TODAY'S PAPER

Neil Walker's versatility, production have been crucial

New York Yankees' Neil Walker, left, rounds the bases past Baltimore Orioles first baseman Chris Davis after hitting a solo home run in the 10th inning of a baseball game, Friday, Aug. 24, 2018, in Baltimore. (AP Photo/Patrick Semansky) Photo Credit: AP/Patrick Semansky

BALTIMORE — Before the All-Star break, the discussion involving Neil Walker wasn’t about when he would snap out of his first-half funk.

It was how much longer he’d be taking up space in the Bronx.

Few role players, if any, survive limping into the midway point below the Mendoza Line, especially on a Yankees team with World Series aspirations. Yet there was Walker, at a cost of $4 million...

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BALTIMORE — Before the All-Star break, the discussion involving Neil Walker wasn’t about when he would snap out of his first-half funk.

It was how much longer he’d be taking up space in the Bronx.

Few role players, if any, survive limping into the midway point below the Mendoza Line, especially on a Yankees team with World Series aspirations. Yet there was Walker, at a cost of $4 million for this season, sitting at .197 — and the only thing saving his roster spot may have been the puzzling migraines that kept Brandon Drury on the disabled list.

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Nearly two months later, the turnaround has been remarkable, and Walker’s value to the Yankees as a super-utility player has surpassed even their expectations for the job. For Saturday’s doubleheader at Camden Yards, Walker started the opener at second base, then switched to rightfield for the nightcap.

Aaron Boone considers Walker so critical these days that he was the only one to be pulled for the ninth inning of the Yankees’ 10-3 rout of the Orioles in Game 1, just to get him a quick breather before he went back into the lineup three hours later.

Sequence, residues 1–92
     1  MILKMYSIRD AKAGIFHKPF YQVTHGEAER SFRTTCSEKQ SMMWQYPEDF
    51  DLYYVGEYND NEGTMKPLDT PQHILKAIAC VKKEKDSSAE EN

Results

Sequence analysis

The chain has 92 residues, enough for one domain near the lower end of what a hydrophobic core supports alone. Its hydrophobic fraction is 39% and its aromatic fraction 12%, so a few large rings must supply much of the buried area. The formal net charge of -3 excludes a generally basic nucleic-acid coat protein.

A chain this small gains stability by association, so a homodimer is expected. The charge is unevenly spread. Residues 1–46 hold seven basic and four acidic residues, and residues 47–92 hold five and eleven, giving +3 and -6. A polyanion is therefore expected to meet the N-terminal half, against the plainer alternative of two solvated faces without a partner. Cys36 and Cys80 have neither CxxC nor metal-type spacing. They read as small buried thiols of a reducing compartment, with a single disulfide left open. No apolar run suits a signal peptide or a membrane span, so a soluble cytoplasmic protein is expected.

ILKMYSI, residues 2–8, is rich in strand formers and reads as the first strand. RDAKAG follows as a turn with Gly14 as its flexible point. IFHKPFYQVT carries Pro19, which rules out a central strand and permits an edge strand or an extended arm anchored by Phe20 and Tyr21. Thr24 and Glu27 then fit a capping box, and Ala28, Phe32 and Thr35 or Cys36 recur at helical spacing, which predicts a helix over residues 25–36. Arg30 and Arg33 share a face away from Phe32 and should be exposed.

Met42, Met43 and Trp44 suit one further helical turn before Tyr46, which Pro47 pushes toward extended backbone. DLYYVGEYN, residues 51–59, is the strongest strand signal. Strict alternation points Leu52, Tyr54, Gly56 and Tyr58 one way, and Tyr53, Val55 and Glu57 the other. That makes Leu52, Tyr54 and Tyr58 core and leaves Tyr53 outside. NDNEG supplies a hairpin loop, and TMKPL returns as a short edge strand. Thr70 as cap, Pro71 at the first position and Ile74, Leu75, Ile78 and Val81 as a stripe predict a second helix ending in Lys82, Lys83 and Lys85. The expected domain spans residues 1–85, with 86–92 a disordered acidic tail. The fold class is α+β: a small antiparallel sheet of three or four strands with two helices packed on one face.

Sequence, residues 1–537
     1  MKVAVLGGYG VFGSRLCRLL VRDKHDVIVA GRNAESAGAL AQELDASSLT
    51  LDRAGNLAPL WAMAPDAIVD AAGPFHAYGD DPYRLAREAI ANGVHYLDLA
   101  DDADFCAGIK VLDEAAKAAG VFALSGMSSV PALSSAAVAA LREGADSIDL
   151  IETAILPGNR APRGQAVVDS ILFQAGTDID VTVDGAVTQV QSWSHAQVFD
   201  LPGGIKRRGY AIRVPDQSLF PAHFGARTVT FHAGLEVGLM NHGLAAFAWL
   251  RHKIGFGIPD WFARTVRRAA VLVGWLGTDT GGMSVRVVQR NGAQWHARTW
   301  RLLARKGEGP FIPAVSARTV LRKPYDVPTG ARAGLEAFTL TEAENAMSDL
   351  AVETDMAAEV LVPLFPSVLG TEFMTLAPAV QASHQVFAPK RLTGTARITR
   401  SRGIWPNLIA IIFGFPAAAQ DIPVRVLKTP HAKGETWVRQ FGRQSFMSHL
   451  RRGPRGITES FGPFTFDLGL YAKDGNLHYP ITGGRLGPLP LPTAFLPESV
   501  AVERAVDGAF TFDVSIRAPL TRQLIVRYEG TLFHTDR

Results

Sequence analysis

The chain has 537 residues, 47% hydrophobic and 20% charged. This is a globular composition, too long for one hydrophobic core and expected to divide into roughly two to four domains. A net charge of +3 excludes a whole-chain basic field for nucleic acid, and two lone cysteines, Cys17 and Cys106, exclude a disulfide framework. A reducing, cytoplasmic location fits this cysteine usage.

How important is Walker? Let’s count the ways. Before Saturday, Walker’s .909 OPS since the All-Star break ranked third on the Yankees — behind only Giancarlo Stanton (.990) and Miguel Andujar (.962) — based on a minimum of 100 plate appearances. Walker was tied for third with five home runs and ranked fourth with 18 RBIs.

“I’ve just been able to find the barrel, really,” Walker said Friday. “I haven’t been trying to do too much. My rhythm and timing has been good at the plate and I’m seeing the ball well.”

Oh, and about that batting average. Walker went 0-for-4 in Game 1, a rare doughnut that dropped him to .300 (27-for-90) in the second half. The previous night, Walker’s three-hit performance included a tiebreaking homer in the 10th inning of the Yankees’ 7-5 victory over the Orioles. He now seems to be in the middle of anything good that happens for the Yankees, as opposed to being one of the team’s only negatives in the first half.

“Walk’s been huge for us,” Boone said. “Obviously a tough start to the season, where he wasn’t raking like he normally does ... I feel like what we’re seeing is the hitter he’s been throughout his career. I felt like given at-bats, given regular playing time, it eventually would show itself, and it certainly has.”

Here’s the bonus. Unlike Stanton and Andujar, the only two sluggers currently outperforming him, Walker has been assisting the Yankees at a handful of positions — including rightfield, which is new to him this season, his 10th year in the majors. Walker already is the only Yankee to make double-digit starts at first base, second and third in the same season. But with his 10th start in rightfield Saturday night — in his last dozen games — Walker became the first Yankee since Randy Velarde in 1995 to start at four different positions in one season.

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Versatility like that doesn’t come around very often. Walker is only the fourth player overall since 2000 to make 10 starts at those three infield spots plus the outfield, joining the Astros’ Marwin Gonzalez (2017), the Rays’ Ty Wigginton (2006) and the Mariners’ Jolbert Cabrera. Since his July 28 debut in rightfield, Walker has committed only one error in 14 chances, when he misplayed a single by Kendrys Morales and cost the Yankees a run.

“He’s been awesome,” Boone said. “He’s been ‘whatever you need.’ The buy-in from him, the professionalism from him has put him in position to be successful in these different roles.”

Walker basically has turned into the Yankees’ fourth outfielder by default, and Boone has needed him to plug the holes that have sprung up with various injuries. Not only is Aaron Judge on the shelf indefinitely, but Walker has been used to protect against Giancarlo Stanton’s lingering hamstring issue, with Boone preferring to use his No. 2 hitter at DH rather than risk his legs.

As long as Didi Gregorius remains on the shelf, Walker helps fill the void at second, with Gleyber Torres sliding over to short. And once Stanton is OK for the outfield again, Walker could pressure Greg Bird for playing time at first base.

After wondering why Walker still was on the Yankees in the first half, it’s hard to imagine them without him ever since.